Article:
Tuesday, February 20, 2024

Short Takes – 2-20-24

Toxic Brucine-Laced Letters Spark Alarm in Brussels Government Offices. BNNBreaking.com article. Purple prose lives. Pull quote: “The day unfolded with an ordinary rhythm until the ordinary turned ominous. Employees at the Palais de Justice, among Brussels' most iconic buildings, were the first to encounter the hazardous letters. Their discovery prompted an immediate response, drawing in specialists to contend with the potential danger. As the news spread, similar findings were reported at the office of Belgium's Justice Minister and the State Security Building. Each letter carried the same deadly cargo: brucine, a white powder known for its toxicity. The substance, dangerous when ingested, became the centerpiece of a mystery that had law enforcement and the public on edge. Despite the alarm, authorities were quick to clarify that skin contact with brucine posed no immediate danger, a small relief amidst the growing concern.”

Giant, invasive Joro spiders with 6-foot webs could be poised to take over US cities, scientists warn. LiveScience.com article. Click-bait title, but interesting. Pull quote: “It is unclear what long-term effects Jorō spiders will have on the ecosystems they invade. Last year, researchers revealed that the spiders are unusually shy and non-aggressive toward other spiders. However, without a natural predator seeking them out, their numbers will likely continue to rise, which could help them outcompete other species for resources.”

Can Astronomers Use Radar to Spot a Cataclysmic Asteroid? NewsWise.com article. Pull quote: “How does ground-based astronomical radar expand our understanding of the Universe? By allowing us to study our nearby Solar System, and everything in it, in unprecedented detail. Radar can reveal the surface and ancient geology of planets and their moons, letting us trace their evolution. It can also determine the location, size, and speed of potentially hazardous Near Earth Objects, like comets or asteroids. Advances in astronomical radar are opening new avenues, renewed investment, and interest in joint industry and scientific community collaborations as a multidisciplinary venture.”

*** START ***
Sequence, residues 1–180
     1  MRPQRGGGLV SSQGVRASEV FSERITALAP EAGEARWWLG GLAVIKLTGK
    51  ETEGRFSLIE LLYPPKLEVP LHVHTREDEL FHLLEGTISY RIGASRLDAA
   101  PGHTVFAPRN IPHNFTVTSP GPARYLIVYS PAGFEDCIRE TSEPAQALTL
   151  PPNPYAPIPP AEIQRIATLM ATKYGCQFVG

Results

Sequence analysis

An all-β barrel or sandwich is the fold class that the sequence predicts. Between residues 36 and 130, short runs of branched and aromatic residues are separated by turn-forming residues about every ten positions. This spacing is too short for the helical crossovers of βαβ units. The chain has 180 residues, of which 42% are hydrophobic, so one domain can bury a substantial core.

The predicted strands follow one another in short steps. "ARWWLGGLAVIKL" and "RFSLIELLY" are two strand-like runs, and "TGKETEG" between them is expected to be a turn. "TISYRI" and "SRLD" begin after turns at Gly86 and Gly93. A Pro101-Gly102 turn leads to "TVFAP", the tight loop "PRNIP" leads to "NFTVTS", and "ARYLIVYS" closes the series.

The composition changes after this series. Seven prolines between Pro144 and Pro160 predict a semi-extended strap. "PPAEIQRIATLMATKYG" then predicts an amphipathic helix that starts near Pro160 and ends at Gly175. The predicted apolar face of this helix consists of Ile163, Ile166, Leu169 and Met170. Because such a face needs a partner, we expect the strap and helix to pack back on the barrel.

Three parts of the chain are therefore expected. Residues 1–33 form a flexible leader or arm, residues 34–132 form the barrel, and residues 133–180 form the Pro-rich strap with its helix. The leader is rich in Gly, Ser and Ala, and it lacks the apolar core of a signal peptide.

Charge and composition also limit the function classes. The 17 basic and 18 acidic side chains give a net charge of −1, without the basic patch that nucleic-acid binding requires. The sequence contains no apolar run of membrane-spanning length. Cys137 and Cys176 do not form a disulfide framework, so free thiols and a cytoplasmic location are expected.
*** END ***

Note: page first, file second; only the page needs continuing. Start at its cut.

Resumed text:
Russia Threatens Moldova With ‘Military Scenario’ Over Transnistria. BalkanInsight.com article. Pull quote: “Meanwhile, the Institute for the Study of War, ISW, a US non-profit, has issued an analysis that says the Kremlin is preparing a hybrid operation in Moldova, similar to the one it used before its invasions of Ukraine in 2014 and in 2022, which could justify a possible escalation of the conflict in the region.”

Chemical Plants, Terrorism and Regulations May Be Back on the Agenda. SEJ.org article. Pull quote: ““These companies can reduce their holding or change the concentrations or opt for a safer alternative and get out of the regulatory system,” Murray said. “When CFATS was in operation, we had conversations every day about this, but we left it to the companies to make those decisions.””